Few who attend emerging churches are grieved by the institutional church’s loss of prominence. Many are grieved by the attempts being made to reestablish Christendom. All can find hope in the words of G. K. Chesterton. Though the Church “has often enough fallen into ruin [it] has never been past rebuilding . . . [even if] rotted away to its first foundation-stone, against which the gates of hell shall not prevail.”[10] How wonderful it is to be alive at a time when we are allowed to tear away the rotten beams and build anew. In order to build in a lasting manner we must be sure we understand what we are building. And, we must know what we are building upon. Emil Brunner declares, “We want to build our house upon rock, upon God’s own Word, upon Jesus Christ . . . .”[11]

The question – ‘what is Christianity?’ – has been the driving force behind my Master’s studies. This question, however, proved to be too broad a subject for a thesis. Instead we will look at a more specific issue. Does Christianity have fundamental beliefs that cannot be negotiated; irreducible and invariant convictions which if ignored or confused can result in the loss of a truly Christian faith? 

To read more download it, just click on the links below.

(you might have to right click, and download file as).

Thesis Intro

Chapter One

Chapter Two

Chapter Three

Conclusion

Appendix

Bibliography

 


[1] Stanley J. Grenz, A Primer on Postmodernism (Grand Rapids MI: Eerdmans, 1996), 162.

[2] Michael Frost, Exiles: Living Missionally in a Post-Christian Culture (Peabody MA: Hendrickson, 2006), 4.

[3] Helmut Thielicke, I Believe: The Christian’s Creed, trans. John W. Doberstein and H. George Anderson (Philadelphia: Fortress Press, 1965), ix.

[4] Timothy Joyce, Celtic Christianity: A Sacred Tradition, A Vision of Hope (New York: Orbis Books, 1998) 147.

[5] Stanley J. Grenz, The Social God and the Relational Self (Louisville: Westminster John Knox, 2001), 24.

[6] Ibid. We may sum up trinitarian theology by saying that it demands that Christians stop treating Christianity as a monotheistic religion. Jurgen Moltmann, The Crucified God: The Cross of Christ as the Foundation and Criticism of Christian Theology, trans. R. A. Wilson and John Bowden (New York: Harper and Row, 1974), 235. Instead we must realize that “The Trinity is the nature of God and the nature of God is the Trinity.” Moltmann paraphrasing Karl Rahner, 240. The main way we should understand the Trinity is relational.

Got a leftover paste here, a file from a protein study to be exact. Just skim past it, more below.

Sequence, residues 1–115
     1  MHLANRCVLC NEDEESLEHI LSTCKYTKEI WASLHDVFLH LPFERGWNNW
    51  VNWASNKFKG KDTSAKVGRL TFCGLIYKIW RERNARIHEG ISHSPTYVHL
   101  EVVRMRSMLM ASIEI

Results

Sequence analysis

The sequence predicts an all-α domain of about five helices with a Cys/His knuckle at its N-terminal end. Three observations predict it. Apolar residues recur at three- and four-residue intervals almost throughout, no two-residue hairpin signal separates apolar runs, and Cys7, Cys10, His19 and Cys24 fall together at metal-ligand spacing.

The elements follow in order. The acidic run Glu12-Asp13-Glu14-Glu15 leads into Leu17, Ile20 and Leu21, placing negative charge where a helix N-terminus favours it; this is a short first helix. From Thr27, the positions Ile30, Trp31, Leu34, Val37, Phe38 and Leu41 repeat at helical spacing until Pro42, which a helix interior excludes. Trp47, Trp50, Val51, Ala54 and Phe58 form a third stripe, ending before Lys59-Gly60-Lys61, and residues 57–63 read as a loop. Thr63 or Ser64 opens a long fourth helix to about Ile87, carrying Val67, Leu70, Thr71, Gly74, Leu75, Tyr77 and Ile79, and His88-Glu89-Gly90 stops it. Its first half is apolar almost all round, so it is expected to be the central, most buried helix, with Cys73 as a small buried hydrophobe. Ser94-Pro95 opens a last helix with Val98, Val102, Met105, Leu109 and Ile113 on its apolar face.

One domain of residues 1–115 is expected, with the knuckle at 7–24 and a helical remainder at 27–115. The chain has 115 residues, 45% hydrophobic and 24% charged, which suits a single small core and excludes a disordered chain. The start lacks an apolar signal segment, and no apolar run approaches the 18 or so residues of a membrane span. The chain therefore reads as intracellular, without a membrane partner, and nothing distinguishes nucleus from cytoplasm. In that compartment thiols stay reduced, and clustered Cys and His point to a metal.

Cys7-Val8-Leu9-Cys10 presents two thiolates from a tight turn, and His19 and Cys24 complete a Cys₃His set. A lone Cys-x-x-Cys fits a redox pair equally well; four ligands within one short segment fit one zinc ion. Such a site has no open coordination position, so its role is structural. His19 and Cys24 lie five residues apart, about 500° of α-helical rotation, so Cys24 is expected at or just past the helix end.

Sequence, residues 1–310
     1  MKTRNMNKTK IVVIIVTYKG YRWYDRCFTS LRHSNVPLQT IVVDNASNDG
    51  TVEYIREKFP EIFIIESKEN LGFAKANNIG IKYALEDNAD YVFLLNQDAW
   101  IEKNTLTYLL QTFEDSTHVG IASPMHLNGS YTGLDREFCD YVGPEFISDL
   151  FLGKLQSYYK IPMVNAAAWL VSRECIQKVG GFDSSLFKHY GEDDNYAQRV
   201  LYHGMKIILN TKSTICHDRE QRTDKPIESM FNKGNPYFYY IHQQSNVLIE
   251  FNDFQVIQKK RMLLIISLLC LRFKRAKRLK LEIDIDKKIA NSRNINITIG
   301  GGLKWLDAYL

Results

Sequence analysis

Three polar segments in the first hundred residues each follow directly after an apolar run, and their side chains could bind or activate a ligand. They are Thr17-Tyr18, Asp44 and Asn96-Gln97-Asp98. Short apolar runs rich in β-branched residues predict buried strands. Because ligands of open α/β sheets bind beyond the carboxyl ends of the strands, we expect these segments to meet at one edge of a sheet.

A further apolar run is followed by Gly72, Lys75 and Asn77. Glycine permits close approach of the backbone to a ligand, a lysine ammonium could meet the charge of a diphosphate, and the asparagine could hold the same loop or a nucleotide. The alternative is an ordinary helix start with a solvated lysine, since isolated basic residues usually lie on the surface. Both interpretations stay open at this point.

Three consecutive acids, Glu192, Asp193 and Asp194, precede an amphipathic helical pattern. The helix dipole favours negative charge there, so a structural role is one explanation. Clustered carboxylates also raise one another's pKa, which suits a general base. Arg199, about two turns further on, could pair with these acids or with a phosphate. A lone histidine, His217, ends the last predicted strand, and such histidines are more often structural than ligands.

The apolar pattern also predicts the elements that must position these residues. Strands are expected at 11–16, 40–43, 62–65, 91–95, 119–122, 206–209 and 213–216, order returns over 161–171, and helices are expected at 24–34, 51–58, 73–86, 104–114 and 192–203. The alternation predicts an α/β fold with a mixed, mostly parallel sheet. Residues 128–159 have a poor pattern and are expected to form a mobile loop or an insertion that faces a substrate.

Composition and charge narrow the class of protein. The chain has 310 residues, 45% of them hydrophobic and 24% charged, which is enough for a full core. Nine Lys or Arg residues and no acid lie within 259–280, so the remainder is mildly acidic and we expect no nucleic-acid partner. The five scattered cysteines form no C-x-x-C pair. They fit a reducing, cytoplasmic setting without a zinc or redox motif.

[7] The terms ‘emerging church’, and ‘emergent church’ are misunderstood, mysterious, and contended descriptors. Some churches will call themselves emerging, while others tell them they are not. Some churches are labeled emerging, though they would denounce the entire movement. Some people in the movement have given up on the label, but others still see it as a useful category, even if it is imprecise. I hope that this paper will help the reader gain some understanding of what an emerging church is like. For another perspective see, Nancy Haught, “Unchurched? Dechurched? Rechurched? Your Prayers May Be Answered,” The Oregonian, October 15, 2006, Living section, p. 1. This article can be accessed on the web through the following address, <http://www.oregonlive.com/search/index.ssf?/base/living/1160524580310120.xml?oregonian?lvlssf&coll=7&thispage=1> (January, 2007).

[8] For more information about this community go to <http://www.evergreenlife.org/

[9] Jason Burgett, “Because Everyone Knows How Much I Like Definitions,” Forum, May 29, 2006, <http://www.evergreenlife.org/web/boards/index.php?topic=1883.0> (January, 2007).

[10] G. K. Chesterton, Saint Francis of Assisi (George H. Doran Co., 1924; reprint, New York: Image Books/Doubleday, 2001), 50.

[11] Emil Brunner, I Believe in the Living God: Sermons on the Apostles’ Creed, trans. and ed. John Holden (Philadelphia: Westminster Press, 1961), 17.